Noland contends, and we agree, that the trial court erred in its judgment by imposing on Noland Company the prior notice requirement of the second portion of § 35-11-210 rather than the subsequent notice provision for declaring a more limited form of lien under the first portion.

Noland Company calls our attention to § 35-11-218, Code 1975, which provides as follows:

"Every person, except the original contractor, who may wish to avail himself of the provisions of this division, shall before filing his statement in the office of the judge of probate, give notice in writing to the owner or proprietor, or his agent, that he claims a lien on such building or improvement, setting forth the amount thereof, for what, and from whom it is owing; and after such notice, any unpaid balance in the hands of the owner or proprietor shall be held subject to such lien. But the provisions of this section shall not apply to the case of any material furnished for such building or improvement, of which the owner was notified in advance as provided in section 35-11-210."

In Crane Co. v. Sheraton Apartments, Inc., 257 Ala. 332, 58 So. 2d 614 (1952), this court was confronted by the very issue presented by the instant case. There, notice to the owner was not given prior to the materialman's furnishing of goods to a subcontractor. This court held the materialman could, under the statute, fix a lien, on the building and land to the extent of any unpaid balance due the original contractor by the owner at the time the lien was claimed and notice was given as required by Tit. 33, § 46, Code 1940. That section is identical to the statute above quoted, and now applicable, § 35-11-218, Code 1975.

It is undisputed that Noland Company gave notice in writing to Southern Development Company of Piedmont, Ltd., the owner of the subject real property, that it was claiming a lien on Piedmont Manor. That notice stated, as per the statute, the amount claimed, for what, and from whom it was owing. It is undisputed that when that notice was given, there were monies due the original contractor from Southern Development.

Under the Crane interpretation of the above quoted series of statutes, the conclusion is inescapable that Noland complied with the statutory notice requirements.

*270 II

The second basis for the trial court's decision that Noland Company would not prevail except against Lovelace Brothers, Inc., is stated by that court as follows:

"The plaintiff made a contract with Management Builders to protect their interest, but voluntarily subordinated their contract and later reinvoked their contract, which was honored by Management Builders as long as Lovelace Plumbing Contractors were the subcontractors...."

Noland Company argues that because it does not wish to pursue its claim against Management Builders, Inc., on its agreement of guarantee, the agreement is not material to the issues in this case. We deem it significant in discussing this issue. An agreement by a person entitled to a lien that he will look exclusively to the contractor or some person other than the owner for the payment of his claim may be a waiver of his right to a lien. See United States v. Village of Alsip, 345 F.2d 365 (7th 1965), cert. den., 383 U.S. 906, 86 S. Ct. 242, 15 L. Ed. 2d 158 (1965). Floyd v. Rambo, 250 Ala. 101, 33 So. 2d 360 (1948). In Floyd v. Rambo, this court outlined the application of the doctrine, in Alabama, of waiver as applicable to mechanic's liens:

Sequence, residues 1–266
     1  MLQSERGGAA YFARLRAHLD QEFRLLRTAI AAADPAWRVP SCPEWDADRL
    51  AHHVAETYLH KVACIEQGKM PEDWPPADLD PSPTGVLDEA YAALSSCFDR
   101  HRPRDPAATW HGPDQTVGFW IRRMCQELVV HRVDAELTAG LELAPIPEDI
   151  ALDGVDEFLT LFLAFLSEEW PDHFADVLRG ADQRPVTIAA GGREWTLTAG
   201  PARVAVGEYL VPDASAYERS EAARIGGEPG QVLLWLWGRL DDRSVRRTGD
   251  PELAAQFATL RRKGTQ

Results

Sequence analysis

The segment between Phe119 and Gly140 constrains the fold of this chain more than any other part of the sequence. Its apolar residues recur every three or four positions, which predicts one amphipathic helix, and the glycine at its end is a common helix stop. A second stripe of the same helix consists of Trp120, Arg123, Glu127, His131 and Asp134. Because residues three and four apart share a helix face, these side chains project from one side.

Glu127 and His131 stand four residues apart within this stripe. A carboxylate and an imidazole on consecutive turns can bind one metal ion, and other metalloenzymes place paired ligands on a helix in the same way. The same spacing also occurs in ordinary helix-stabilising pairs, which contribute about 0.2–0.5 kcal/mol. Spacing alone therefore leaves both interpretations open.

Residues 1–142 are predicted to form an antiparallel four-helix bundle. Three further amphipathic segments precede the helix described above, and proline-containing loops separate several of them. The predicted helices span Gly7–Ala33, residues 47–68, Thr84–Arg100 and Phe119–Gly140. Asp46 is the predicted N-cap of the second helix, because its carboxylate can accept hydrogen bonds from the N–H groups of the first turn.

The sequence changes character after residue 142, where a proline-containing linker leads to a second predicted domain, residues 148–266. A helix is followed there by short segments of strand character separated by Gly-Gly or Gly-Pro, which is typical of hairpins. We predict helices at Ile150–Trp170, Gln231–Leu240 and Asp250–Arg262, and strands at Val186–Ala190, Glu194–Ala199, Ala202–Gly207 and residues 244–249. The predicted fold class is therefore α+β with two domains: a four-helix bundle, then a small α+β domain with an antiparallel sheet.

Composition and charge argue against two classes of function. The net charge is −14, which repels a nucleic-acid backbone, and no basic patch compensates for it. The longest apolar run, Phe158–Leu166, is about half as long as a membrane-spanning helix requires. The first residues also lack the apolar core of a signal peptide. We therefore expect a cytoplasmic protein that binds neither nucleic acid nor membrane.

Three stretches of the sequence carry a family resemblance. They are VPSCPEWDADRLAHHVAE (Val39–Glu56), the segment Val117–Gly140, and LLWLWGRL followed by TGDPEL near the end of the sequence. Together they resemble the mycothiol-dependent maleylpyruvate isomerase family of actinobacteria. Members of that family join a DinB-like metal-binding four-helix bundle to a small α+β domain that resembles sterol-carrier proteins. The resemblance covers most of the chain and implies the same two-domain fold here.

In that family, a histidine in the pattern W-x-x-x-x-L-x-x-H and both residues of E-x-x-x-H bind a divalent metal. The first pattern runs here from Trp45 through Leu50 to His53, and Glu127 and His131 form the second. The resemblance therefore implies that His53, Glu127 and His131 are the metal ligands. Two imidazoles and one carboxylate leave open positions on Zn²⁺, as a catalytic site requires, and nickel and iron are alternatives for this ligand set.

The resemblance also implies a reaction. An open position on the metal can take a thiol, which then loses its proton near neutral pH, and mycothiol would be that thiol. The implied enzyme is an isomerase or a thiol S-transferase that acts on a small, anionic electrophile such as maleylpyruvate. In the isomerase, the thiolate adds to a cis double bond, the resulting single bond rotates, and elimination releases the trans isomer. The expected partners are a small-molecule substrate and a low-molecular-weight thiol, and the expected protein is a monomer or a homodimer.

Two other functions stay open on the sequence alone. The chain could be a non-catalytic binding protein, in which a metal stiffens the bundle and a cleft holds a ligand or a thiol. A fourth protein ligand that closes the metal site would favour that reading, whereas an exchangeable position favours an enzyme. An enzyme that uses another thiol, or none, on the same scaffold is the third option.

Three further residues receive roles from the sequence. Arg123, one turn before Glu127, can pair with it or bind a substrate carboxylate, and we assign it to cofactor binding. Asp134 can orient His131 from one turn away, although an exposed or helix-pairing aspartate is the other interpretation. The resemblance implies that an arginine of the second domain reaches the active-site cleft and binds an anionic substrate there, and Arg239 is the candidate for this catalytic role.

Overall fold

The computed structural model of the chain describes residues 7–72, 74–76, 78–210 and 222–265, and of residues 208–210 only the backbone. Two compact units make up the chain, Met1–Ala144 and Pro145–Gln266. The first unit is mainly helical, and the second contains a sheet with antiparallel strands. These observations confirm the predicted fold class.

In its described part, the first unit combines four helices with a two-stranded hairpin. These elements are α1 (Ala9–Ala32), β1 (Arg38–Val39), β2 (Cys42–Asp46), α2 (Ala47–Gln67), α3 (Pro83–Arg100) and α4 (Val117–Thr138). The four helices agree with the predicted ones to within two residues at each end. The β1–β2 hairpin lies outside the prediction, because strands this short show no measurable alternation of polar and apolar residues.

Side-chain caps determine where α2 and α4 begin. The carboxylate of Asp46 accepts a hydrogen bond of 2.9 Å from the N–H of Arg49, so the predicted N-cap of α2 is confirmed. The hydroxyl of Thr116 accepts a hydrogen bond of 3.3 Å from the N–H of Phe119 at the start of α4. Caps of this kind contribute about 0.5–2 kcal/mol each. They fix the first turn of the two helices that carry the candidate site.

"While the lien created by the statute may be waived or released just as any other lien may be waived or released, the presumption is that the right to the lien exists if the claimant has brought himself within the protection of the statute by complying with all the formalities prescribed. This appearing, it rests upon the defendant to show that the claimant has knowingly surrendered or waived his lien. "`Whether or not the taking of collateral security by the contractor will amount to a waiver of his lien is a question upon which the courts are not in accord. Quite a number hold that it will, but it is believed that the weight of opinion is that unless there is manifest intention between the parties that it shall so operate, this will not be equivalent to a waiver. And especially is this true where the enforcement of the lien will not affect the vested rights of anyone. * * *.'" (Citations omitted.)

33 So. 2d at 363.

Under Floyd, it is clear there was no express or implied waiver of its right to a statutory lien upon the part of Noland Company because of the guarantee agreement.

The agreement of guarantee entered into between Noland Company and Management Builders, Inc., provides in pertinent part:

"It is expressly understood and agreed that notice of and requirement of legal proceedings against the original debtor named herein is hereby waived and that Noland Company may, at its discretion, grant an extension of the indebtedness or otherwise modify the terms of the debt, without impairing the obligation of the undersigned guarantor [Lovelace Brothers, Inc.]. The guarantor shall be liable to Noland Company for the debt according to the same terms of payment as that established by Noland Company for the original debtor as described herein."

We find no evidence of an express nor an implied intention in the above instrument by Noland Company to waive its statutory right to claim a lien against Piedmont Manor. Neither do we find the contract of guarantee to be inconsistent with the enforcement of a lien by Noland against Southern Development Company, Ltd. Furthermore, there was no evidence presented by defendants of a knowing waiver by Noland Company in any other instrument or by other actions upon its part.

Under Crane, it is clearly the defendants' burden to show that Noland Company knowingly surrendered or waived its right to a statutory materialman's lien fixed or imposed. Our careful review of the record has revealed the only evidence presented as to waiver was the guarantee agreement above quoted. We find, therefore, that *271 defendants failed to meet their burden of proof as to this issue.

Because the trial court misapplied the law set out in § 35-11-210, Code 1975, and further, because it failed to apply correct legal precedents regarding an express or implied waiver of a statutory materialman's lien, we are compelled to reverse its decision and remand to that court with directions that it modify its judgment consistent with the views expressed herein.


TORBERT, C.J., and FAULKNER, ALMON and ADAMS, JJ., concur.